Given the underground nature of trafficking, the consequences of trafficking are hidden and difficult to see. Trafficked persons often have limited access to basic necessities such as safety, food, sleep, hygiene, and medical care. The effects of trafficking vary depending on the type of trafficking and the specific situation.
Given that trafficking is based on the exploitation of individuals, all victims of trafficking may be subject to physical, psychological, and social impacts. Victims of trafficking often experience harsh physical impacts due to excessive work or the use of force by traffickers. In addition, victims may be exposed to serious health risks, such as HIV/AIDS, as well as serious mental health risks. Anxiety, insecurity, fear, and trauma are all products of trafficking. Several studies indicate high levels of Post-Traumatic Stress Disorder (PTSD) in former trafficked persons. Trafficking can also lead to cognitive impairment, memory loss, depression, and even suicide.
Trafficked minors are all the more vulnerable due to their age. Trafficking may greatly impact children’s emotional, physical, and overall psychological development.
Trafficked persons may also experience social ostracism. Trafficked persons are often isolated from their social circles, leaving individuals unable to engage socially or reach out for help. Victims may also be trafficked internationally, and therefore may not be able to engage due to a lack of linguistic capability or geographic and cultural familiarity. Individuals specifically trafficked for sex have described facing stigma and other negative responses during and after their trafficking experience, especially from friends and family members.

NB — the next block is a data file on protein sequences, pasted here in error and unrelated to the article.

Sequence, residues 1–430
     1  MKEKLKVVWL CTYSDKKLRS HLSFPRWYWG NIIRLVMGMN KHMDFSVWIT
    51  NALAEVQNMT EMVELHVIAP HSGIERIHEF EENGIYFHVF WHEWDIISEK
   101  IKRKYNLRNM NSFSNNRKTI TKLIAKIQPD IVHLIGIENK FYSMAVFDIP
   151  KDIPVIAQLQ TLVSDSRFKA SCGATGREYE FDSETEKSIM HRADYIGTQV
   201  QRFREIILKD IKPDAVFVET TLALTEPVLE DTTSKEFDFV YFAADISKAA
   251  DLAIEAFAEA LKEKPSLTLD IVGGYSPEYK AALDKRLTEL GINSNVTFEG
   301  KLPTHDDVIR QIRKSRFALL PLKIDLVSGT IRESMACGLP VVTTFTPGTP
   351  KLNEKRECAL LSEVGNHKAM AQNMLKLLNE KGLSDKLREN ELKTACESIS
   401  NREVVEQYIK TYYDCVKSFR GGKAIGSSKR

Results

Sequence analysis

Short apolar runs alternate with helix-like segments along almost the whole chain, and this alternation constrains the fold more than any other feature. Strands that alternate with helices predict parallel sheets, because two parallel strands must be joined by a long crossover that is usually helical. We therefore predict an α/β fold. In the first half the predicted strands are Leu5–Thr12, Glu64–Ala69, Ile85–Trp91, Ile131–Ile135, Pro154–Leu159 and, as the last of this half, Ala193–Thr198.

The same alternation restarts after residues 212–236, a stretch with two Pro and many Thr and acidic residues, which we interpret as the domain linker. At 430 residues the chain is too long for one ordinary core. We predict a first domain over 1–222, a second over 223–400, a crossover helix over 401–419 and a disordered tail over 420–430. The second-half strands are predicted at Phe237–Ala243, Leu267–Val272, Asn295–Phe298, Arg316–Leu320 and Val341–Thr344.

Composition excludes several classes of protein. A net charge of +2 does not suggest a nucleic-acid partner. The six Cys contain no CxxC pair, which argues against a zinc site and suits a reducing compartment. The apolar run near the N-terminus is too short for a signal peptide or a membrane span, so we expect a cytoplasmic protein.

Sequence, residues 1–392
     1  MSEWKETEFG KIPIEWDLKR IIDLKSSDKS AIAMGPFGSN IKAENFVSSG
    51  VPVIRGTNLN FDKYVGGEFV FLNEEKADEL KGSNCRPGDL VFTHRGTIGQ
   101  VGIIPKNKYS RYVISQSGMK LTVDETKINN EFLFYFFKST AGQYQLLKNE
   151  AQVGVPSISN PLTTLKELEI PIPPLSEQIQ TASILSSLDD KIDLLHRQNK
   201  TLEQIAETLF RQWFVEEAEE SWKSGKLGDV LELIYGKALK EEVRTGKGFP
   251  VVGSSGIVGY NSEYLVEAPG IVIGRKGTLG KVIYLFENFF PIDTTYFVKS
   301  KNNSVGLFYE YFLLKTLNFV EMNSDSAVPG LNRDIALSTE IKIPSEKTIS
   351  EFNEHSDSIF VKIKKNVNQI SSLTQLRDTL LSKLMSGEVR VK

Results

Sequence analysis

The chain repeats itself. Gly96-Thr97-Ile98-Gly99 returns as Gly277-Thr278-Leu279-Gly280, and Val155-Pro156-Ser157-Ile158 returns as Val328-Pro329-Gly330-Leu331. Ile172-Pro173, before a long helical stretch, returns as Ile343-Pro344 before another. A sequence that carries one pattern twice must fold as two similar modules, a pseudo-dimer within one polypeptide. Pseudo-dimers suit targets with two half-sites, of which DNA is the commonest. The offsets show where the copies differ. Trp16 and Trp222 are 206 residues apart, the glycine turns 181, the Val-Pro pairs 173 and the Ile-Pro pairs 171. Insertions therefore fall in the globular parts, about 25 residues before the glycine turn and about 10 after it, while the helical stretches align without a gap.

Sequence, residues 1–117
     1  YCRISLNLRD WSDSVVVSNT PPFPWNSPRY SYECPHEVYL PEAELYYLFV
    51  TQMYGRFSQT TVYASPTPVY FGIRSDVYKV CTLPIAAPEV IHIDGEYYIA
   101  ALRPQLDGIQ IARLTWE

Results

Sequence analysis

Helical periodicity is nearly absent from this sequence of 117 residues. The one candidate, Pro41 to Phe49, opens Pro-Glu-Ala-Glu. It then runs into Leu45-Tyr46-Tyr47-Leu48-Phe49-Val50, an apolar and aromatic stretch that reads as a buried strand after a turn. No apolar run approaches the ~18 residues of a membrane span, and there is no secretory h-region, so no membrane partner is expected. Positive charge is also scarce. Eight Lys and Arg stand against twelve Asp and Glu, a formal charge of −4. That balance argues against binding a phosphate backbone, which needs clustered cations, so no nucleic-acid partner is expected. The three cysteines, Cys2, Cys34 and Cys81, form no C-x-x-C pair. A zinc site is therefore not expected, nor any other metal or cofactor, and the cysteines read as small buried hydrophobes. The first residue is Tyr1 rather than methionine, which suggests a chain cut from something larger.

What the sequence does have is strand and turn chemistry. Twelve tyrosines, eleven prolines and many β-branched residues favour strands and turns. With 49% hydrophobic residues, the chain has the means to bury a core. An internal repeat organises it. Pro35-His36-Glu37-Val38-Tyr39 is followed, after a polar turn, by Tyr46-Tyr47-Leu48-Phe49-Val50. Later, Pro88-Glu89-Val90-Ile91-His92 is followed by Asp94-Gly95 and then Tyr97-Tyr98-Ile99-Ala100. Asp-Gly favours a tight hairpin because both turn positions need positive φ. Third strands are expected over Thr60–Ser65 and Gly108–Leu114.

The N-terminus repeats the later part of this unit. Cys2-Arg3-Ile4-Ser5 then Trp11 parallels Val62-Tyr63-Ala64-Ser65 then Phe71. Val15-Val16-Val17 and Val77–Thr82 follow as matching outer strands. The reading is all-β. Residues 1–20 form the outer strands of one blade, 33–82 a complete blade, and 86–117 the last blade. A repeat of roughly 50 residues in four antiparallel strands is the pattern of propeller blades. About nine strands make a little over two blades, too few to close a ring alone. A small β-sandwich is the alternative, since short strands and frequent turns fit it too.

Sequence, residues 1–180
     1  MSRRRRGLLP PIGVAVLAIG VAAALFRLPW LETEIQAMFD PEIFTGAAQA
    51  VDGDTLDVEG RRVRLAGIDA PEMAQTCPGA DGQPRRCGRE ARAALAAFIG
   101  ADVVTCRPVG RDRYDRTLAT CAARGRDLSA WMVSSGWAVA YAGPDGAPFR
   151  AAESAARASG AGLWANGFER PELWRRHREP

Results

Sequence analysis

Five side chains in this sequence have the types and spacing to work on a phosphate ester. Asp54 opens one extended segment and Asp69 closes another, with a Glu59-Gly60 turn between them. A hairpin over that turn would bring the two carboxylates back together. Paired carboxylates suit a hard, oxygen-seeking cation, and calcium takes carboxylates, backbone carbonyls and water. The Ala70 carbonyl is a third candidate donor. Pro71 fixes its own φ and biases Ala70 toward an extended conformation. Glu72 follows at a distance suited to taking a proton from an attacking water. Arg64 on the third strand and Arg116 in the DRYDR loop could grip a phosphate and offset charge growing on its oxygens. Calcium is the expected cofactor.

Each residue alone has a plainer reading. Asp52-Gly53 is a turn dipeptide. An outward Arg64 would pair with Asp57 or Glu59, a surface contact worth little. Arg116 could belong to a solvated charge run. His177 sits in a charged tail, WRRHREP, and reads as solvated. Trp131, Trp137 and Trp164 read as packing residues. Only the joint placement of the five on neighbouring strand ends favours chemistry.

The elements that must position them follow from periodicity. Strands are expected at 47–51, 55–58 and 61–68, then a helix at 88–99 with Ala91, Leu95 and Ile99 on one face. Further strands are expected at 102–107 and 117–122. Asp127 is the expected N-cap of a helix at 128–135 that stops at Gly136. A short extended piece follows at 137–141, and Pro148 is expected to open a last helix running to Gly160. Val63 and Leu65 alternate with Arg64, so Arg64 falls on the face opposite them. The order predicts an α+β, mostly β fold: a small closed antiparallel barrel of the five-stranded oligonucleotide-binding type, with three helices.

Aside from the impact trafficking has on victims, it also substantially affects interstate and foreign commerce. Trafficking for such purposes as involuntary servitude, peonage, and other forms of forced labor has an impact on nationwide employment and the labor market. Despite being the second most profitable criminal activity, human trafficking impedes national and international economic growth.
-UNODC and UNGIFT: An Introduction to Human Trafficking: Vulnerability, Impact, and Action.
-International Migration: Economics of Human Trafficking.
-Child Development Perspectives: The Impact of Trafficking on Children: Psychological and Social Policy Perspectives
-American Psychological Association: Report of the Task Force on Trafficking of Women and Girls
-US Department of State: Addressing the Internal Wounds: The Psychological Aftermath of Human Trafficking
-American Psychological Association: Psychological Impact of Human Trafficking and Sex Slavery Worldwide: Empowerment and Intervention
-UNODC and UNGIFT: Anti-Human Trafficking Manual for Criminal Justice Practitioners Module 3: Psychological Reactions of Victims of Trafficking in Persons